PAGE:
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Distrust Sinking Obama

“The greatest danger zone a president can be in is when he is being attacked on the left and the right. When they are reading off the same talking points, that’s when presidencies fall apart.”

-- Dan Pfeiffer, senior adviser to President Obama, in an interview with the Washington Post.

In the little that President Obama has said publicly about his administration’s recently exposed domestic surveillance programs he has returned to the overall motif of his presidency: warning against excessive distrust of the federal government.

While hawks wait anxiously to see if Obama can summon the political courage to defend the programs he has expanded despite his onetime opposition, the president has so far used the occasion to preach against what he seems to believe is a virus of anti-government sentiment in the nation.

(At this moment it appears more likely that Obama will mostly leave it to Republicans to defend his programs, as he and they did with his war in Afghanistan and his flying killer robots. But who knows? The stakes are so huge here that even Obama may not be immune to political risk taking.)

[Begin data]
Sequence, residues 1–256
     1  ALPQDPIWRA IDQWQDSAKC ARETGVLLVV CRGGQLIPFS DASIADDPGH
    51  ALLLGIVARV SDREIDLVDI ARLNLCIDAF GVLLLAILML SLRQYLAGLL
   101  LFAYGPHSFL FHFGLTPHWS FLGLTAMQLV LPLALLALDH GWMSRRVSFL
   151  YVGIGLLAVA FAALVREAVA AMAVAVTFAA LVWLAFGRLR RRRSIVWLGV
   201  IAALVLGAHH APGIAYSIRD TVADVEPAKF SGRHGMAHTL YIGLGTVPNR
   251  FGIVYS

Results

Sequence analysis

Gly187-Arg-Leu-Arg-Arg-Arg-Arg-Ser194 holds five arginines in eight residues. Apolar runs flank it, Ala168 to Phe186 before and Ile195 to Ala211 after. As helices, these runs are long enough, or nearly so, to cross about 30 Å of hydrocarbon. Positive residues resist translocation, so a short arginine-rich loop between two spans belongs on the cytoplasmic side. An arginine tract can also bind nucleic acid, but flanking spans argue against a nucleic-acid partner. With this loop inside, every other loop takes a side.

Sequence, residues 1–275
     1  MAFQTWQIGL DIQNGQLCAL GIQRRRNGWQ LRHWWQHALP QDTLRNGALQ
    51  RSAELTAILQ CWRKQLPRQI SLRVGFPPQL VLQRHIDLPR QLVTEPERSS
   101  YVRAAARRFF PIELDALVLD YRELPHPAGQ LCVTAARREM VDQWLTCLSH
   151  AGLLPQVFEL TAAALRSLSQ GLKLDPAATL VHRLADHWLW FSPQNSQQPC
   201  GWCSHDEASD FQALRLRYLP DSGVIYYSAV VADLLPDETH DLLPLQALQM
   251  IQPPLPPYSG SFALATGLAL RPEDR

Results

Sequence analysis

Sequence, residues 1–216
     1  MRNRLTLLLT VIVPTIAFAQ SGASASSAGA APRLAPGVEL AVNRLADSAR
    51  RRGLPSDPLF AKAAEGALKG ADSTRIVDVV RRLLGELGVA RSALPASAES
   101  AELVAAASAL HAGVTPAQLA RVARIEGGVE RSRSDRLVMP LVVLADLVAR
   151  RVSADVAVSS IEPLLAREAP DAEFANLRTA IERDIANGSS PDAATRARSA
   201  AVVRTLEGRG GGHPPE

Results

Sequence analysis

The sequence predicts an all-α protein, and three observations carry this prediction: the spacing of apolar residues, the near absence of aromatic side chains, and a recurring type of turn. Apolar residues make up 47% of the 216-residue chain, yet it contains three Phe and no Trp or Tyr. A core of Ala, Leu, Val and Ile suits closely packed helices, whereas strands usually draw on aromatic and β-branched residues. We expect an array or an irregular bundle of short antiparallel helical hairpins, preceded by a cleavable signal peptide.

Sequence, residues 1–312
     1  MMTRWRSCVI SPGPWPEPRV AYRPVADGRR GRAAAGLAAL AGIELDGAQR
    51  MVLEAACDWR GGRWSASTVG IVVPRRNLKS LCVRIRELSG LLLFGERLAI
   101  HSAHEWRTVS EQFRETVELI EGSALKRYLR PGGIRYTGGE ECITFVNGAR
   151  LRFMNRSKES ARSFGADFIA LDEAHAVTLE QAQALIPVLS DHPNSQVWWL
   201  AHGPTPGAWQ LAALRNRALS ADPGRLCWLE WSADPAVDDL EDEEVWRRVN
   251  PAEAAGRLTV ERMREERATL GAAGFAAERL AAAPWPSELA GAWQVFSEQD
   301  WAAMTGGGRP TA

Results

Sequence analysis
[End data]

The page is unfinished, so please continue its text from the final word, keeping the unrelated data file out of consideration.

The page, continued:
Obama’s commencement speech this year at Ohio State, his 2011 reprise of fellow liberal icon Theodore Roosevelt’s “New Nationalism” speech and many others, particularly his off-the-cuff comments on those who “get bitter and cling…” have been musings on the theme that the deep distrust of government in the United States is not just harmful but artificial – that moneyed corporate interests are behind these sentiments.

Obama’s argument in concentrate is that rich people play on the fears and prejudices of the working class in order to block government from fulfilling its rightful role as regulator and protector. This is a particularly unhappy view of the condition of the American experiment arguing as it does that the majority of the citizenry has been bamboozled into mistrusting their own protector.

Whatever the dark impulses and manipulations Obama believes lay at the heart of American disdain for government, the effect is that the president does not often deign to honestly engage the critics of his agenda and worldview. If he thinks that the Koch Brothers and Exxon lurk behind every critic of big, powerful government (apparently a view shared by many in the IRS), why would Obama give them the time of day?

If they are not, as the president says “on the level,” why indulge them and allow them to distract from his goal of reorganizing the community of the disenfranchised around the banner of “collective action?”

As scandals and misdeeds rack his administration, though, Obama is paying a high price for his cynicism as Americans return the favor.

Just flip through the results of the latest FOX News poll:

Whatever the dark impulses and manipulations Obama believes lay at the heart of American disdain for government, the effect is that the president does not often deign to honestly engage the critics of his agenda and worldview.